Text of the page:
The Religion of the Good or Light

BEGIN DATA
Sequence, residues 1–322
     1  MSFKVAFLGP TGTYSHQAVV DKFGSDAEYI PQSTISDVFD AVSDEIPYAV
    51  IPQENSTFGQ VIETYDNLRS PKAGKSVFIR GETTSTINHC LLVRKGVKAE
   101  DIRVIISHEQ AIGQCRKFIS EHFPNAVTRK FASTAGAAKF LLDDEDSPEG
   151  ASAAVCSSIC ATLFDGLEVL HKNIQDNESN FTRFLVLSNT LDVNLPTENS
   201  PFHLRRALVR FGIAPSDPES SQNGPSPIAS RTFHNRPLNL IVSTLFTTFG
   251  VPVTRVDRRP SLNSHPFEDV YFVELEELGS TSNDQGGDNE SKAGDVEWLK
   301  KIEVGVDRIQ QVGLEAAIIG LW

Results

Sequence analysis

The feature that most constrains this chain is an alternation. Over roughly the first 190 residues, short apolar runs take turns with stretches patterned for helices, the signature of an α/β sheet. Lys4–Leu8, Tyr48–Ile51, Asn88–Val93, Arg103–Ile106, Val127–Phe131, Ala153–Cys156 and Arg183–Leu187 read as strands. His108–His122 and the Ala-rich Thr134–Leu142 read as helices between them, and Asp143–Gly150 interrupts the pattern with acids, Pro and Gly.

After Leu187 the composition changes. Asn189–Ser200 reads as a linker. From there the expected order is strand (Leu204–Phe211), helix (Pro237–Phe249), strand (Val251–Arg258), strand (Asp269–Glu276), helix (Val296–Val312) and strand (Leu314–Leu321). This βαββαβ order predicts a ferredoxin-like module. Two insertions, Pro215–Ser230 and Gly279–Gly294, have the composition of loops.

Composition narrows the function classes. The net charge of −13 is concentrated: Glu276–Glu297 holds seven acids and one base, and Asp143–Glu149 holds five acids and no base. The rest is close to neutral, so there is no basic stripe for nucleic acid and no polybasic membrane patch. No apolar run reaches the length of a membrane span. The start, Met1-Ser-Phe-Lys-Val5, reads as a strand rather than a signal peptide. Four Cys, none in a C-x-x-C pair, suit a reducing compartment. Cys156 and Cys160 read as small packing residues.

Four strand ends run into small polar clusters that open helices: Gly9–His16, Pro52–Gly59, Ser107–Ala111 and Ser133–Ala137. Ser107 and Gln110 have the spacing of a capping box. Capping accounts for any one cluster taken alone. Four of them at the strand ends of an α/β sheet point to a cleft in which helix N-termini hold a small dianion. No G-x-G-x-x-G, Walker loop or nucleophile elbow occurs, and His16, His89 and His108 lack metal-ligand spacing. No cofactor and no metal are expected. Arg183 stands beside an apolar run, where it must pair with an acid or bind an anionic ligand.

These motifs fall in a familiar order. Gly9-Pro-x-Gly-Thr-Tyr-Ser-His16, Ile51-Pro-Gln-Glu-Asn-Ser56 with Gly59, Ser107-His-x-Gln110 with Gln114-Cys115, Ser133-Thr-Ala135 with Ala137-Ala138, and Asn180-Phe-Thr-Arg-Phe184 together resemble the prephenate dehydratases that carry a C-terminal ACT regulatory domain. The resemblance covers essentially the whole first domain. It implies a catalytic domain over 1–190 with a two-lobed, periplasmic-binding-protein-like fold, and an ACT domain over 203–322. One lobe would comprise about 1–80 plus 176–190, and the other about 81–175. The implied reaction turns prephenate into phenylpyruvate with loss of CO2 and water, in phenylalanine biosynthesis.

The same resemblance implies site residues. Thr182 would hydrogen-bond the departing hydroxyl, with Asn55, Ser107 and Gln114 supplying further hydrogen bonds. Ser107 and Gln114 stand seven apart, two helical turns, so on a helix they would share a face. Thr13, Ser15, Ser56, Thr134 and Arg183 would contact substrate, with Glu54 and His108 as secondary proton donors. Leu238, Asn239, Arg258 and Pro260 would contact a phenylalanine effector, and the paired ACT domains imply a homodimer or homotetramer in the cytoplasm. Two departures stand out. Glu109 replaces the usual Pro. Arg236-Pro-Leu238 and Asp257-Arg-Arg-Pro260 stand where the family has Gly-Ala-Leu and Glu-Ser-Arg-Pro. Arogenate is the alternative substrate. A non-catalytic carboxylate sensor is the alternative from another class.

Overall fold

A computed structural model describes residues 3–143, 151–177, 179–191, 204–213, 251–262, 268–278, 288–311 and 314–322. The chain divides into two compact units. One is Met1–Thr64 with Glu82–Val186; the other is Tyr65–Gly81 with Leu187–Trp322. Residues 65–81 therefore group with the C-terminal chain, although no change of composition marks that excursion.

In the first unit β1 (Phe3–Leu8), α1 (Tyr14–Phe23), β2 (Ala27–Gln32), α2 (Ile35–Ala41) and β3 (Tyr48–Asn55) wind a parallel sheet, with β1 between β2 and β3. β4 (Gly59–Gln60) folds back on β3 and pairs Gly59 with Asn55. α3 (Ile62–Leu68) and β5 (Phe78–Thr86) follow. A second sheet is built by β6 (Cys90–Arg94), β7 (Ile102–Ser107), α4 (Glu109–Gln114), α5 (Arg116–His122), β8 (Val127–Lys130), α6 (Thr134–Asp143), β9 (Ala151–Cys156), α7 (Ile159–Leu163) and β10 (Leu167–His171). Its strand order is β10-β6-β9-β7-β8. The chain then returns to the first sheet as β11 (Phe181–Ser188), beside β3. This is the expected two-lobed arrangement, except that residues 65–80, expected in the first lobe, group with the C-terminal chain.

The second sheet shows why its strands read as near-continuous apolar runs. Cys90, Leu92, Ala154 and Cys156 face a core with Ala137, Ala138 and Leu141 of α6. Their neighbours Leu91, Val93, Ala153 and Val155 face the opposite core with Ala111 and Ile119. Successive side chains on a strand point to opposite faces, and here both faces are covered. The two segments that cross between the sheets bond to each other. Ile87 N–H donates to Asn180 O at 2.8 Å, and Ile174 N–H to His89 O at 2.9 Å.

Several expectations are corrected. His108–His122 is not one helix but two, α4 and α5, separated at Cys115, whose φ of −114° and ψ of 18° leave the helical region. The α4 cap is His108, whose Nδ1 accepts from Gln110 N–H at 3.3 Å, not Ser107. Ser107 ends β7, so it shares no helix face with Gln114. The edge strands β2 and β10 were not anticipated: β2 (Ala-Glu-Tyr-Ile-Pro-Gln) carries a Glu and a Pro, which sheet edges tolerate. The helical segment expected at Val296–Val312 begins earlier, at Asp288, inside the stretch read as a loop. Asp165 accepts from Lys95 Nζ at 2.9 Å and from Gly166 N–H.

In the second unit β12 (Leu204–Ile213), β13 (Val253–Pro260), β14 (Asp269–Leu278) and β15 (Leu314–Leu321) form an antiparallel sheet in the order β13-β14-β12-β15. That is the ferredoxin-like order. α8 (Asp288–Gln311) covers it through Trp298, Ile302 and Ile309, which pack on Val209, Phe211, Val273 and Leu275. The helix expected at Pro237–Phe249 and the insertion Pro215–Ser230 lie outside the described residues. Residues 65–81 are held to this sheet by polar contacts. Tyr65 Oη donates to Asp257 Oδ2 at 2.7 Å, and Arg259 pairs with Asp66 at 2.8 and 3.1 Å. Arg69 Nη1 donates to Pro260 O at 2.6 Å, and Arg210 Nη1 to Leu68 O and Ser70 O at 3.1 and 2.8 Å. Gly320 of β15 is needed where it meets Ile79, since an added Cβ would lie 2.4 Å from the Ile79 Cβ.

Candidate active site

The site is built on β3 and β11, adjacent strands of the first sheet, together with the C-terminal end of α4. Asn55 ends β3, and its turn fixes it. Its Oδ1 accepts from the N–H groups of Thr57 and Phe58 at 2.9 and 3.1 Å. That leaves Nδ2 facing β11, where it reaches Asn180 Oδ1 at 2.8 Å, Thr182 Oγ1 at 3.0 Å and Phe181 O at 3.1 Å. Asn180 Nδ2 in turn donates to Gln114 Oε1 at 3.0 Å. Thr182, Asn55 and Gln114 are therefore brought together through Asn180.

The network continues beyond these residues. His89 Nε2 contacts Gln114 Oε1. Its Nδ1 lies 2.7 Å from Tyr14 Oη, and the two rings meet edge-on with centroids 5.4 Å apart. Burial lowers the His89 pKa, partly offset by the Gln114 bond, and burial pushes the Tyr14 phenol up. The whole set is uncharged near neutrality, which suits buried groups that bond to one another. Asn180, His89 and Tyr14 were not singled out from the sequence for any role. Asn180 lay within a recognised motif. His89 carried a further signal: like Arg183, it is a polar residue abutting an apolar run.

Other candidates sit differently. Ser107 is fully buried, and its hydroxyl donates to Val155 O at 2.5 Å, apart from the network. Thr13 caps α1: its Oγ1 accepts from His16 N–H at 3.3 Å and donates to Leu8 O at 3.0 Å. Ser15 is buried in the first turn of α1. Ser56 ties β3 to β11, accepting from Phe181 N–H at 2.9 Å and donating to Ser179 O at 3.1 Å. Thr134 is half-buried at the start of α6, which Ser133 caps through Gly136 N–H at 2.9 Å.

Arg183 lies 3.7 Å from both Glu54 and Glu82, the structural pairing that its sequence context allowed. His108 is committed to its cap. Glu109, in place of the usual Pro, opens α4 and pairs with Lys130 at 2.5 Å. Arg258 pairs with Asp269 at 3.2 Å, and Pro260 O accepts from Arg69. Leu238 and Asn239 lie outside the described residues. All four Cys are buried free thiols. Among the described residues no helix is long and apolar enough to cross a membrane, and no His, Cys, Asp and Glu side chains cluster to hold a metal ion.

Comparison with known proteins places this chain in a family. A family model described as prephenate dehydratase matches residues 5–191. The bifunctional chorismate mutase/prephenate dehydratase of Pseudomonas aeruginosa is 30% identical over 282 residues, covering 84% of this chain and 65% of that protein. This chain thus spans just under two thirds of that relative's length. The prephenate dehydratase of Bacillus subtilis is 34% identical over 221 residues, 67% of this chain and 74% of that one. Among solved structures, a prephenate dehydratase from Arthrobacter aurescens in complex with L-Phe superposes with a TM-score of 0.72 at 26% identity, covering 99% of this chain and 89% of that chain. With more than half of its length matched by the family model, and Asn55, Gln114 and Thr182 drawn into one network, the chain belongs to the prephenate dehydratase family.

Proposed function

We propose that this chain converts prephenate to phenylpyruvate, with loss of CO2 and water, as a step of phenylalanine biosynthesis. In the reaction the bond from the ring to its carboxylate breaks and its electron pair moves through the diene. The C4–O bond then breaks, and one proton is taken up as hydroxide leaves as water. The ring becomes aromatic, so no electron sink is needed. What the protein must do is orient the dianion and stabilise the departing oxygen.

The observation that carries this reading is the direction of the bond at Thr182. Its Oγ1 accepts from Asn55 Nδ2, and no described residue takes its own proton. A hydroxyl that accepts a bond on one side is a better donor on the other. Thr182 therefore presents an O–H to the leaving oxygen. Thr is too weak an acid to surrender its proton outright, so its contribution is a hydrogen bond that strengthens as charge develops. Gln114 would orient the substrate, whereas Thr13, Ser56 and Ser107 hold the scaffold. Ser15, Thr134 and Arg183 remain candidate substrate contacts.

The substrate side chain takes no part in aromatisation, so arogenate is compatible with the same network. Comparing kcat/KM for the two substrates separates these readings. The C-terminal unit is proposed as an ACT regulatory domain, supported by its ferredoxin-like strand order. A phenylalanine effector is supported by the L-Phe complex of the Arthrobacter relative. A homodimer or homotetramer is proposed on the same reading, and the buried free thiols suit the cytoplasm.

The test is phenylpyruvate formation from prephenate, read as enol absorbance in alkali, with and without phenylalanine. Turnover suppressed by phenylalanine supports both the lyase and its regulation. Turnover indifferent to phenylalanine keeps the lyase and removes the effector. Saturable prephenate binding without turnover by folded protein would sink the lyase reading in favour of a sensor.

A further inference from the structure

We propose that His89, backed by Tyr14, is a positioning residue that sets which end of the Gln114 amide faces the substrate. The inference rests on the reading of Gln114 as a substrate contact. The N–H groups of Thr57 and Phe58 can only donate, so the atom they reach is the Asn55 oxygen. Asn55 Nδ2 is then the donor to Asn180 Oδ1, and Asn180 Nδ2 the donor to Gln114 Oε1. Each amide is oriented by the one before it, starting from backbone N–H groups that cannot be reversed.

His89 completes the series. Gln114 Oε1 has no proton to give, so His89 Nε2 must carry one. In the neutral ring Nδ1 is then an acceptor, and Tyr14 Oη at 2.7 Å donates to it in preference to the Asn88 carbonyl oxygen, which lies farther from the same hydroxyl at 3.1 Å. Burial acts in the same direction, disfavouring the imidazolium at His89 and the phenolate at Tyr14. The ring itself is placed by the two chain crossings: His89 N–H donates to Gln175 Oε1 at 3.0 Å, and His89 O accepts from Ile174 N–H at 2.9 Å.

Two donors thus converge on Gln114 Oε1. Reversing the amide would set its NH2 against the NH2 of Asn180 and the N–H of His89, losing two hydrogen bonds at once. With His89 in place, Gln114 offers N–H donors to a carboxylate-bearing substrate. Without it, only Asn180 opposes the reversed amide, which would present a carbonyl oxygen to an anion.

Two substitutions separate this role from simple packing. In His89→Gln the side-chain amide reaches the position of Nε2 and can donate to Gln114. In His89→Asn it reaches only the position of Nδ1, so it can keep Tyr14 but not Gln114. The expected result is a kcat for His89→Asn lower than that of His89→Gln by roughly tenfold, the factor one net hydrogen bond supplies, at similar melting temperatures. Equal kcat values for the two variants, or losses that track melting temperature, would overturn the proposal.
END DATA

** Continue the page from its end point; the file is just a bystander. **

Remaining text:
Hegel treats three religions as transitional between the religions of nature and those of spirit. The first of the transitional religions that he explores is Zoroastrianism, the religion of ancient Persia. This religion was founded by the prophet and religious teacher Zoroaster, also called Zerdusht or Zarathustra, in a time of great antiquity, the exact date of which is still a matter of scholarly debate. Zoroaster is said to have written the hymns known as the Gathas, which constitute a part of the Avesta, the sacred text of this religion. Hegel portrays this religion as fundamentally dualistic with a god of good in opposition to a god of evil. He claims that this dualistic picture needs to be overcome with a third, speculative element that unites the two, but this conception only appears later.
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